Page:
Accruals Simplified: Making Sense of Financial Timing

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Accruals are a fundamental concept in financial reporting, aiming to accurately reflect a company’s financial position and performance by recording transactions when they occur, regardless of when cash is exchanged. Let’s explore accruals in more detail with examples:


Revenue Accruals

Example: A construction company completes a project in December but invoices the client in January.

Even though the cash is received in January, the revenue is recognized in December when the project was completed.

This ensures that the company’s financial statements reflect its performance during the period when the service was provided.

Expense Accruals

Example: A manufacturing company receives a utility bill for December at the end of the month but pays it in January.

To accurately match expenses with the revenue they help generate, the company accrues the utility expense in December, even though the payment is made later.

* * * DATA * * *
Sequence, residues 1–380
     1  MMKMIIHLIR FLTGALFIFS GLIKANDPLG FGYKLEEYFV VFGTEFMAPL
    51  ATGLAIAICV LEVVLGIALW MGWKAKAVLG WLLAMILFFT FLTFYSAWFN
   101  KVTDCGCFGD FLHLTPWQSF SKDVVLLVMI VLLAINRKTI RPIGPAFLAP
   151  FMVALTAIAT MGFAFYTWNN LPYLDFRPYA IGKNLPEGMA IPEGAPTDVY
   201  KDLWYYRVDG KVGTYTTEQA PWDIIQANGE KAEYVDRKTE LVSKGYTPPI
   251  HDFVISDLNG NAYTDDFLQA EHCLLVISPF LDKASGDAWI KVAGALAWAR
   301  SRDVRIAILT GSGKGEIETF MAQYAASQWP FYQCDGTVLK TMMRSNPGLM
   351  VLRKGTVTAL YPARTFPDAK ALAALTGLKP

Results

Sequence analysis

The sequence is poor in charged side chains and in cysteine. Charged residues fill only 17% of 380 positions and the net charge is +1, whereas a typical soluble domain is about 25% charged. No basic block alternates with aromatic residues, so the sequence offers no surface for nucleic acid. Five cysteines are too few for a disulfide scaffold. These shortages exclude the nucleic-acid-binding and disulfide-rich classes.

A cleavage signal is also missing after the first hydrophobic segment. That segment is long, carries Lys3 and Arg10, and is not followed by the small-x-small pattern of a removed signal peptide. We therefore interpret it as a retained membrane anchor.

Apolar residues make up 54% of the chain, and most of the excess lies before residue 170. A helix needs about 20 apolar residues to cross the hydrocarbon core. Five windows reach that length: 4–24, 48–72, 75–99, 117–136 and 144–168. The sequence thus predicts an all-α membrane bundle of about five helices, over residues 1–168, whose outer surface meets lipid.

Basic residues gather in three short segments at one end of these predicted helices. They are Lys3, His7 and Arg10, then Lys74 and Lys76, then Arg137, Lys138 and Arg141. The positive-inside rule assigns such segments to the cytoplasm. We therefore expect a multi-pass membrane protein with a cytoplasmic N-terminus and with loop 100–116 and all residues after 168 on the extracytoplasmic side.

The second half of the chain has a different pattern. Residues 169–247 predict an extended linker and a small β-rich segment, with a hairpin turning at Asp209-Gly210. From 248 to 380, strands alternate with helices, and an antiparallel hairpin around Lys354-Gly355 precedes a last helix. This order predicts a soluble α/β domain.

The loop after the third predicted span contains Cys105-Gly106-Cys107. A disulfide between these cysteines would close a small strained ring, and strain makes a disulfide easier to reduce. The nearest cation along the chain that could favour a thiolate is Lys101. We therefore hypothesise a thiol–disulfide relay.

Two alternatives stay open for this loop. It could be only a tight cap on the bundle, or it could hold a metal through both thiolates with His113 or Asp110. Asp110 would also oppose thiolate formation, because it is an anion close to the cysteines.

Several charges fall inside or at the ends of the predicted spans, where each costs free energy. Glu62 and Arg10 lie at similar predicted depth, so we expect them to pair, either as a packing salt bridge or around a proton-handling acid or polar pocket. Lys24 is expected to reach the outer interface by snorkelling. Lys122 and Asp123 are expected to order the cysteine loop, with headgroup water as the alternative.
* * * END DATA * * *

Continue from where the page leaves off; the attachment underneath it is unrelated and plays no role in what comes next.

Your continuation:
Interest Accruals

Example: A bank accrues interest income on loans made to customers based on the outstanding loan balances, regardless of when the interest payments are received.

This ensures that the bank’s financial statements reflect the interest income earned during the period in which the loans were outstanding.

Wages and Bonuses Accruals

Example: A software company’s employees work through the end of December, but their payroll is processed in January.

To accurately reflect the cost of labor for December, the company accrues wages and bonuses in December, even though the actual payments are made in January.

Inventory Purchases Accruals

Example: A retail store purchases inventory on credit at the end of the accounting period, but doesn’t make the payment until the next period.

To properly match expenses with revenues, the cost of the inventory is accrued in the current period, ensuring that the cost of goods sold is accurately recorded.

Taxes Accruals

Example: A corporation accrues income taxes based on its estimated tax liability for the current accounting period, even though the actual tax payment may be due in the next period.

This ensures that the company’s financial statements reflect its tax obligation for the period in which the income was earned.


Accrual accounting provides a more accurate representation of a company’s financial position and performance compared to cash basis accounting.

By recognizing revenues and expenses when they are incurred, accrual accounting helps stakeholders make informed decisions based on the economic reality of transactions, rather than the timing of cash flows.

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